Summary: There are a wide variety of career paths available in community building, and prospective group organizers should not feel that their career success is completely tied to the success of EA.
I occasionally hear that people are hesitant to start or organize EA groups because the career path seems too narrow and tied to EA: if you spend your free time learning some programming language than there are a wide variety of tech companies you could work for, but if you spend your free time organizing EA meet ups then the number of career options is more limited.
There is some truth to this, but I worry people underestimate how many career paths there are in community building, not just in EA or nonprofits more generally, but also in the for-profit world.
For example, Salesforce has a Trailblazer Community with community groups that run meet ups, community conferences, a forum, social media, etc. The people managing this are employees of Salesforce, and they have a career ladder which goes up to the senior director level:
Many tech companies have similar programs (e.g. Asana). A cursory search for “community manager jobs” turns up positions at big companies like WeWork, Yelp, NVIDIA, and Discord, as well as startups like Notion.
And of course in the nonprofit space there are many community organizing opportunities, a career path that sometimes culminates in becoming leader of the free world.
Building Intellectual Progress
An important task for EA community builders is sharing important ideas and creating engaged discussion about them. This is somewhat different than what, say, a WeWork community manager does, but does have analogues in the for-profit world.
Technology Evangelists are one example. Apple’s success is sometimes credited to their “software evangelists”, who were responsible for explaining the principles behind the Macintosh operating system to third-party developers and encouraging them to write software for the platform. Many technology micro celebrities have worked as paid evangelists: Robert Scoble (Microsoft), Guy Kawasaki (Apple), Vint Cerf (Google). A cursory search finds current openings at Facebook, Twilio, Apple, and most other major tech companies.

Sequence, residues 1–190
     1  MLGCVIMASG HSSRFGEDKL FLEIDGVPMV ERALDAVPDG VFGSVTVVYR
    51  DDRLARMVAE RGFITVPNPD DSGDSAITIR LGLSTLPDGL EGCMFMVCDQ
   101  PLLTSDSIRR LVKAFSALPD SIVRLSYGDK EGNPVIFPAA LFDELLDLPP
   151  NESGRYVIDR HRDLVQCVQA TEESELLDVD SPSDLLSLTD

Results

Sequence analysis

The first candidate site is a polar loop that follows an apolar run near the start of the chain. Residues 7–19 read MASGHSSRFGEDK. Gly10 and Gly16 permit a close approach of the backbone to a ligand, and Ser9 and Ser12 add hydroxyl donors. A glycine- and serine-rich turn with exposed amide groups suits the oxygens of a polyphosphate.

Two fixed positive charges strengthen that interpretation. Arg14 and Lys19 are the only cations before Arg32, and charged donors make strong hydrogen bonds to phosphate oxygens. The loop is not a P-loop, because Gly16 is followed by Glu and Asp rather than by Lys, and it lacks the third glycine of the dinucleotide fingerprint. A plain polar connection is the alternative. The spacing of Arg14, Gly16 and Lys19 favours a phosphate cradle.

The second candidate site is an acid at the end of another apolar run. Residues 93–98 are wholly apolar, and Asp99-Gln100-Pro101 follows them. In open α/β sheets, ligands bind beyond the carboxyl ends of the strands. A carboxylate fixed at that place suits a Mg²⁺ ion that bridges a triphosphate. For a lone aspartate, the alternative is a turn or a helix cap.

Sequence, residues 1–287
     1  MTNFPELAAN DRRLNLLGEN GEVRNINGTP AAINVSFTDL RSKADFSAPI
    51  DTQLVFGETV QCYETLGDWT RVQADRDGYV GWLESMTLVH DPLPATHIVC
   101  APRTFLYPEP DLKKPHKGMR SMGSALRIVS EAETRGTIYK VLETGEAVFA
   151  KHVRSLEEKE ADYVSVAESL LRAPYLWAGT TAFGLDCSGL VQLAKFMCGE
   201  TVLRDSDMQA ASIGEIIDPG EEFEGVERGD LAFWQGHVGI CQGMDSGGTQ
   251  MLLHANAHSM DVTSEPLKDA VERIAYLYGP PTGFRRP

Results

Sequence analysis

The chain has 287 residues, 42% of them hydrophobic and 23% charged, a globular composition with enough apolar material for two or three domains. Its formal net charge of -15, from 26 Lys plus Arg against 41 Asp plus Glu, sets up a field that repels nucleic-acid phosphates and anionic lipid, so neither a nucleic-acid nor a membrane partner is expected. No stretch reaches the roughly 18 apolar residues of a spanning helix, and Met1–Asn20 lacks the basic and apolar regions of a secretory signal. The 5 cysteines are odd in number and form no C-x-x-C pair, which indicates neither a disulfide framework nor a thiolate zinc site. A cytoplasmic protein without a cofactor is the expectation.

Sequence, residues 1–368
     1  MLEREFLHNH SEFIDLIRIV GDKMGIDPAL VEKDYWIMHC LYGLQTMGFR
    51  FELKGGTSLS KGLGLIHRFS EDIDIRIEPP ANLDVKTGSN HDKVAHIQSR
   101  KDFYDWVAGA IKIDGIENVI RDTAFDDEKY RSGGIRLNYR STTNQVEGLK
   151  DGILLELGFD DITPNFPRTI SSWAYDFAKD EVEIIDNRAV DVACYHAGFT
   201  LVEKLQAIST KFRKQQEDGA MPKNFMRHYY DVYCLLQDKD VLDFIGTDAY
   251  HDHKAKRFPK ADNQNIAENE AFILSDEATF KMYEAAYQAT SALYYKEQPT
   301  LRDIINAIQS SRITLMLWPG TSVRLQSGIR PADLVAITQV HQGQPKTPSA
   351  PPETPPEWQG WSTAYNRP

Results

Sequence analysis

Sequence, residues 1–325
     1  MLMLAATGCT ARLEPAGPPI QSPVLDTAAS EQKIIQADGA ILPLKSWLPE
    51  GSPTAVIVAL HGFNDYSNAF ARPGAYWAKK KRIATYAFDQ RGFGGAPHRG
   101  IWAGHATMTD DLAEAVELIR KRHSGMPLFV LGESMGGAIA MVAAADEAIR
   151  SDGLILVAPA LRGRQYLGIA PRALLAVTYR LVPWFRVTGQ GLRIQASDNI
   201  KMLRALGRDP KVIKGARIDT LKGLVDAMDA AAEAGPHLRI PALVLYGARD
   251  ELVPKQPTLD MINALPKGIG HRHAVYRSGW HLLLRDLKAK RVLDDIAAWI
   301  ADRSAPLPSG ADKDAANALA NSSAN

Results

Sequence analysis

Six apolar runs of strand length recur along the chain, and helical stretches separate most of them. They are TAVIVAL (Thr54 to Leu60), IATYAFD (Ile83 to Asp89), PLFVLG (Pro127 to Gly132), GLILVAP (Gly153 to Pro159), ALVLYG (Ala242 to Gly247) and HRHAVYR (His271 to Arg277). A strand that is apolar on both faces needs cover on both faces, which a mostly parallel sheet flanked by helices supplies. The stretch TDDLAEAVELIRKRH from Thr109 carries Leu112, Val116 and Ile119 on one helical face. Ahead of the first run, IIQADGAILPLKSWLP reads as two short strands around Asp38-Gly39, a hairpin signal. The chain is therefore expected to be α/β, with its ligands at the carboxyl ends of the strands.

These positions often involve things like “travel to different meet ups and talk about some database theory principle which just so happens to argue in favor of using your employer’s database product”. Of course, this is fundamentally about promoting some product, as opposed to the (hopefully) objective discussion nurtured at EA groups, but skills like “create engaged discussion at meet ups” and “clearly explain complex topics” are transferable.
Other Similar Careers
Group organizers also play roles similar to science communicators (e.g. this job) and headhunters (e.g. this) but I am less familiar with those career paths so I’m not including them here. I would love if others who are more familiar with them could comment or make their own posts regarding the feasibility of transferring from being a group organizer to one of these careers.
If you are interested in understanding what jobs are available in this space outside of EA, the major community management industry organization is having a career fair at the end of this month. You could also join community management slack groups like this one or listen to podcasts like this one. David Nash has also written a list of community building career paths you might find interesting.
Note: this is a personal post. My views are not any of my employers'. Thanks to Manuel Allgaier for the link to David's list of career paths.